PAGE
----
Seventh-grader Logan Elliott takes shelter under his desk during The Great ShakeOut earthquake drill at Rustburg Middle School. The worldwide drill was started in 2008 to educate people on what to do if an earthquake hits. “I hope we don’t ever need to use them” said Tim Hoden, Director of Operations for Campbell County Schools, “but we want to prepare students in case we have a crisis.”
Came across James Ellett and Henry Jennings repainting the lines on a local basketball court. This is a niche business if I ever saw one.
I’ve been watching a lot of HGTV lately and covering this home renovation assignment was a bit like walking onto the set of one of their shows. A crew of volunteers with the organization Rebuilding Together Lynchburg had projects going in every room of this house. From a hole in the roof to old wires in the basement, this house, and its owner, were in need of some help.
The setting sun and dark sky made this scene last week look like some strange painting or movie scene, as workers were installing a huge mural along 5th Street in Lynchburg.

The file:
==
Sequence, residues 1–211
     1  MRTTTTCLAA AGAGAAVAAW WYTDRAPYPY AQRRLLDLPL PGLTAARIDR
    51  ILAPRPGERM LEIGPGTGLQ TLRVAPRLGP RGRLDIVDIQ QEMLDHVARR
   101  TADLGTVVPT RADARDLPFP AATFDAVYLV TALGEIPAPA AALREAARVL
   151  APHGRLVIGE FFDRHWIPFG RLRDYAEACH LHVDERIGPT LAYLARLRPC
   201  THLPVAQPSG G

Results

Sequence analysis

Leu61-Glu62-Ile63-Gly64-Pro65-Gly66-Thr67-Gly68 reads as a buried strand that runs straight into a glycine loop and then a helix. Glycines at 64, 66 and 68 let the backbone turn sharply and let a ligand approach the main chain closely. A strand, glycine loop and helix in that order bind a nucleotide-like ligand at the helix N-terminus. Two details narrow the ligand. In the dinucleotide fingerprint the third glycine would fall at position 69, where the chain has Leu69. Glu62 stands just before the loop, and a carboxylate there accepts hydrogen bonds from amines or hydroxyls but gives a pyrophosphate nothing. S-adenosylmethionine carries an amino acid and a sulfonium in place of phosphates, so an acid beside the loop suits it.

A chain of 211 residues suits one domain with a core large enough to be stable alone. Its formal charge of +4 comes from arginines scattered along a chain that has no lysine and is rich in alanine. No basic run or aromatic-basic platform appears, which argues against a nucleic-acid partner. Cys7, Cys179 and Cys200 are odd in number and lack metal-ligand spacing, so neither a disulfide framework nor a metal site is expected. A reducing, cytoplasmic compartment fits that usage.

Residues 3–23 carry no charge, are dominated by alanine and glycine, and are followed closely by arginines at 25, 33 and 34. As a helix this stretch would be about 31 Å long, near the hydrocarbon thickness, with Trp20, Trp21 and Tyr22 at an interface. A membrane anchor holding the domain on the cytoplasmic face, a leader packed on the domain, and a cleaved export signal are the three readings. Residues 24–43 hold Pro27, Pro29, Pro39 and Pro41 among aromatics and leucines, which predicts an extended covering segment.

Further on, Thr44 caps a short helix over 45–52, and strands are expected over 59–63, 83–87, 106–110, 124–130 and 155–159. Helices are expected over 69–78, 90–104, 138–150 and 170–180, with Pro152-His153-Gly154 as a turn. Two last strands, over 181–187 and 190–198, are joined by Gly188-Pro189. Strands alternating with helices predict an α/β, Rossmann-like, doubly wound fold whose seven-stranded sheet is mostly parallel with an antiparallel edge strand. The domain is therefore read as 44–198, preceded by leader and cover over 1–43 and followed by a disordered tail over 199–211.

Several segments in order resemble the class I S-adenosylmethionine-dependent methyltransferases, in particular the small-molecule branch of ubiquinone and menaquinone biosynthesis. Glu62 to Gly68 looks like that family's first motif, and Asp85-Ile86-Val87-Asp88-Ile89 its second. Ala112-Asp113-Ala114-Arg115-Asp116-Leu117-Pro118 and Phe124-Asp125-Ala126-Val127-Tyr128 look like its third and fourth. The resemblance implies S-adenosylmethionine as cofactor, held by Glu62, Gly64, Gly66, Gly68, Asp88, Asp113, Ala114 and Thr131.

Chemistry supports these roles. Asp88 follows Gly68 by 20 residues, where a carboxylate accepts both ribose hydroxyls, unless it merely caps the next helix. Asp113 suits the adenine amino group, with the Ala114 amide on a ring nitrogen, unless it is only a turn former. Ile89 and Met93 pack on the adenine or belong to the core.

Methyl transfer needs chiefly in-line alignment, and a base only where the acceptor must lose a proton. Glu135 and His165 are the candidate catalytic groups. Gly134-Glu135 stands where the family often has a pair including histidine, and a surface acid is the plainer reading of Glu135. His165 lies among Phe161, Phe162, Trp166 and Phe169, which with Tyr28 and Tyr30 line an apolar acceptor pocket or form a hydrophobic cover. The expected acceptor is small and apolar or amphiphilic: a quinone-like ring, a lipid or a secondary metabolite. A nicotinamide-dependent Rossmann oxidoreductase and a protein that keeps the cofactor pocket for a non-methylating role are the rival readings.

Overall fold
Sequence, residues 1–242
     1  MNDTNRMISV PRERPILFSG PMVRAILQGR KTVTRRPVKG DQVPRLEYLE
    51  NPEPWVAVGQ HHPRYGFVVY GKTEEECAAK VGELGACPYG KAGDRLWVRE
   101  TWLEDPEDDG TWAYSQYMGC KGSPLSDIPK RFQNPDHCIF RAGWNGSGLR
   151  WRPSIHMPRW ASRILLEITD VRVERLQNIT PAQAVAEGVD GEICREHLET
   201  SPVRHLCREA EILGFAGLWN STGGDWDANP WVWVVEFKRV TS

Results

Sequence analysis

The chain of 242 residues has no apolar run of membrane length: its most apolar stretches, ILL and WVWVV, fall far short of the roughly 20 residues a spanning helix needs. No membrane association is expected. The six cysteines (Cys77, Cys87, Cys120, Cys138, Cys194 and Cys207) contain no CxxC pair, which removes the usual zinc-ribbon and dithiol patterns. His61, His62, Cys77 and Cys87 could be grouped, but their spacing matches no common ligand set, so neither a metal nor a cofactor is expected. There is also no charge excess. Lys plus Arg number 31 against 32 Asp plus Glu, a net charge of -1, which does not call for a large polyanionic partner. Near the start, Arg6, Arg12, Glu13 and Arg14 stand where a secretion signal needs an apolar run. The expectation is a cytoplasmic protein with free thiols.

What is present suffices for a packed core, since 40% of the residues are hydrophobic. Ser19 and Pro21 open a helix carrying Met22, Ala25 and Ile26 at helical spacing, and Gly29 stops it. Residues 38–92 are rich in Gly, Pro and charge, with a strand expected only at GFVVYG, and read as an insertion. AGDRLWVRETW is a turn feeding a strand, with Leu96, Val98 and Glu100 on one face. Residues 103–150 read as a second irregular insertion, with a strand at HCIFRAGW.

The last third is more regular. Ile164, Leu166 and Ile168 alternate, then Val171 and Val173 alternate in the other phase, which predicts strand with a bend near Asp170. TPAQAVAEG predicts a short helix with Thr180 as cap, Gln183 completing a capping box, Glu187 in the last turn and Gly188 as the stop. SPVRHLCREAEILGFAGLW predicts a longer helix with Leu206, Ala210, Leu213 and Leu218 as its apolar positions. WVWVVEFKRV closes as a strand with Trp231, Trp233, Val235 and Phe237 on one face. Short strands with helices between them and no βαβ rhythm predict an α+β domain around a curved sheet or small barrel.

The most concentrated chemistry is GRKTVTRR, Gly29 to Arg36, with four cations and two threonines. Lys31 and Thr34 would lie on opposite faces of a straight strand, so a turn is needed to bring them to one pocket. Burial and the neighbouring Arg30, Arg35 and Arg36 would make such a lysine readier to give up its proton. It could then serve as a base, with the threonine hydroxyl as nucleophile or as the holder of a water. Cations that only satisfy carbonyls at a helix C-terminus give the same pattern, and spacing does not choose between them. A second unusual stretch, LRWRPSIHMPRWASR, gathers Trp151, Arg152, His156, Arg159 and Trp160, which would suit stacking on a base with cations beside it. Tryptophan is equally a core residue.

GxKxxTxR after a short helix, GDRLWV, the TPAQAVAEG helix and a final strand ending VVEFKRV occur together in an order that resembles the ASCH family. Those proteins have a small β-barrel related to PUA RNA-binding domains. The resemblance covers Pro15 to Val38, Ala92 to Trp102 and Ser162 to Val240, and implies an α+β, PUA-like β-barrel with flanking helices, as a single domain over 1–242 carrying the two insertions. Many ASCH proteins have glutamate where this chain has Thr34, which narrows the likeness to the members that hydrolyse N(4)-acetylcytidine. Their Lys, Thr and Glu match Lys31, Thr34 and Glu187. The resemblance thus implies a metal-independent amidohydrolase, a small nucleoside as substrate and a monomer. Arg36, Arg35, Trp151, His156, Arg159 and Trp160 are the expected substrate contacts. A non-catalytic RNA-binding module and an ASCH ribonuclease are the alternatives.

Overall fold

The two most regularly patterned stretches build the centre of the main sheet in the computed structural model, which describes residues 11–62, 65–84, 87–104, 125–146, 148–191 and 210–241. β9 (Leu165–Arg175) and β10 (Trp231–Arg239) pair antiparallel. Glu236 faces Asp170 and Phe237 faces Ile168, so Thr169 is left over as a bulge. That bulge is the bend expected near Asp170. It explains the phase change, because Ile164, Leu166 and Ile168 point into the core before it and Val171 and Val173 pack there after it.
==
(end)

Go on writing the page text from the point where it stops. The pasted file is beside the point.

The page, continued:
The framed drawings hanging in Charles Worsham’s living room look like the most detailed scientific illustrations I have ever seen. They are nearly three feet tall and Worsham told me it takes him six months or more to make each one. Sitting at his drawing table, often in silence, he carefully observes and then draws each vein of a dried oak leaf or twist on a piece of bark with quick, confident strokes of his mechanical pencil. The subjects of his still lifes are propped up next to him, untouched for the duration of the drawing. His attention to detail and appreciation for nature were carried over from his former work as an FBI tracker, where Worsham traced the steps of people and animals by looking for broken leaves or disturbed twigs. He says he taps into an instinctual level of awareness that everyone has but most people never learn to recognize.
If his drawings weren’t terribly outside my price range, I would have loved to have brought one home.